McWilliam's Hanwood Estate Riesling 2006
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McWilliam's Hanwood Estate Riesling 2006 Tasting Notes

I have always maintained a special little center of interest at the core of my being for Australian Rieslings, especially those associated with either the Clare Valley or Eden Valley in the big wine state of South Australia. These two valleys are not contiguous, having between them both the renowned Barossa Valley and a good stretch of land that…gasp…produces no wine at all. (Barossa, of course, produces a good deal of Riesling along with its signature Shiraz.) Generally speaking, Clare (from County Clare in Ireland) is known for the purity of its fruit while Eden offers floral contributions. But speaking “generally” is not always wise when dealing with Australian winemaking acumen; when these down-under people target a style of wine they want, they have a unique focus that allows them to go for the bull's eye.

McWilliam's Wines is no exception to the Australian “can-do” ethic as manifested by this successful $12 Riesling. Produced under the umbrella South Eastern Australia appellation, two-thirds of the wine is sourced in the irrigated Riverina region of New South Wales, about a quarter from Clare Valley, 6% from Eden, and the remainder from a swath of growing areas ranging from Barossa through Coonawarra and all the way to the Yarra Valley in Victoria. The grapes for this wine were harvested at night, the wine fermented under cool conditions, shown not a speck of oak, and bottled under the screw caps that we are coming to expect for these styles of wines.

The result—now remember the price—is a refreshing success. Several numerical specs in this Riesling relate to each other in a manner that is corroborated by the taste and feel of the wine. The alcohol level is 12%, residual sugar 6 grams per liter, acidity just over 6 grams per liter. These numbers tell me that the wine is medium-bodied and that it has some perky acidity that is nicely offset by just the right level of sweetness; a German would nod in approval at this strategy, since this configuration allows all the other aromatic elements of this Riesling to express themselves without any struggle.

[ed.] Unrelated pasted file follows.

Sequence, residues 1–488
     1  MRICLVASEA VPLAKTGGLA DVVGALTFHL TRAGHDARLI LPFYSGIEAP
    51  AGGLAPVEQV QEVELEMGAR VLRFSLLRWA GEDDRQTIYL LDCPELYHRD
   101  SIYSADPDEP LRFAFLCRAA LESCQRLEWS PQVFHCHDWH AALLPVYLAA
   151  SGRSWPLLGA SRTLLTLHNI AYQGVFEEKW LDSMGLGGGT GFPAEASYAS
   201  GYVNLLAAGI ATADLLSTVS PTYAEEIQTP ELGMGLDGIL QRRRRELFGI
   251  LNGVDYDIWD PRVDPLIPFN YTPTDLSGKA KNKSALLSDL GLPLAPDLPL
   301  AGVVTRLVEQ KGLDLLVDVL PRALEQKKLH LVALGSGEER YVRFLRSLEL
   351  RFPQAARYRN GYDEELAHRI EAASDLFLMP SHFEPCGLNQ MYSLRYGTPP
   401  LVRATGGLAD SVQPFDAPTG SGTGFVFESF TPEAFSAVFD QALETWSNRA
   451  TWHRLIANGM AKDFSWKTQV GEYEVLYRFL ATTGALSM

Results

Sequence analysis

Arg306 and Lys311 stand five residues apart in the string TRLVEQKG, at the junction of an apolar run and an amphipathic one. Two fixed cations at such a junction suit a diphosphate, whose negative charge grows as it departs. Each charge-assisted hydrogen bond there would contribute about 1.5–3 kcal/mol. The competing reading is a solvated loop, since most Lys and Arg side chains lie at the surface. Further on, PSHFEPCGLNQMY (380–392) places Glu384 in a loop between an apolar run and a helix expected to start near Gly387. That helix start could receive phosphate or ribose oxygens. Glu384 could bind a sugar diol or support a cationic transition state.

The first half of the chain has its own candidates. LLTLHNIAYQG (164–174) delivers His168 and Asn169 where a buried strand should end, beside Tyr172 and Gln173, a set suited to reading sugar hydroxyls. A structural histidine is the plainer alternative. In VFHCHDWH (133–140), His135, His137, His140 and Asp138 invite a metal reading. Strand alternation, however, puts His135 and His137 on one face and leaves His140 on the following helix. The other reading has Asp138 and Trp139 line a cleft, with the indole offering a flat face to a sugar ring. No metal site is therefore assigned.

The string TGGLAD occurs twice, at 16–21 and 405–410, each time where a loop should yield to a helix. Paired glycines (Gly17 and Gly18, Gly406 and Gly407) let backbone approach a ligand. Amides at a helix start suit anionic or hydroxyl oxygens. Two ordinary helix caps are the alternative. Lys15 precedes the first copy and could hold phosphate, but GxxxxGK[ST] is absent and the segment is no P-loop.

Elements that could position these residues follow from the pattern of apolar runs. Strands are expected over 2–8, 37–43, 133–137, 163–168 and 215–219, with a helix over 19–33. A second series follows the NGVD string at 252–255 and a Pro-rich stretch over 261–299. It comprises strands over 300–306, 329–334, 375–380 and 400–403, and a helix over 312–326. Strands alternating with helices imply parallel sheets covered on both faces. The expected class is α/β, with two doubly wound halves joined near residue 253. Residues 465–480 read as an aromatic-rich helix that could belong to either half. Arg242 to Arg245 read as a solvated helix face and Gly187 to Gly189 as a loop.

With that preamble out of the way…whew…I enjoyed fine aromatic notes of lime (that's mainstream Clare), petrol, slate, peach, apricot and a fragrance of pineapple, the aroma you get when you cut into the fruit as the knife creates a spray. The palate profile is similar, though the citrus is somewhat more pronounced, adding grapefruit; I also enjoyed some fresh floral notes. The finish shows some minerality but ultimately allows the acidity to come to the front and make the final statement.

If the winemakers had taken a wrong turn at any stage in the sourcing or the vinification of these grapes, the result might have been an adequate, summer-barbecue or picnic-on-the-beach refresher, in which case $12 might be considered $6 too much for the desired effect. McWilliam's has nailed it, of course, and has produced 26,000 cases of a wine I predict will please a good cross-section of drinkers. The wine is distributed by Gallo, which should make it a simple matter to find—and hoard, if that is your inclination.

Verdict: Personality
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Riesling seems one of the most human of grapes.

food writer Elliot Essman James Beard Foundation Journalism Award
James Beard Award Nominee Elliot Essman

food writer Elliot Essman James Beard Foundation Journalism Award


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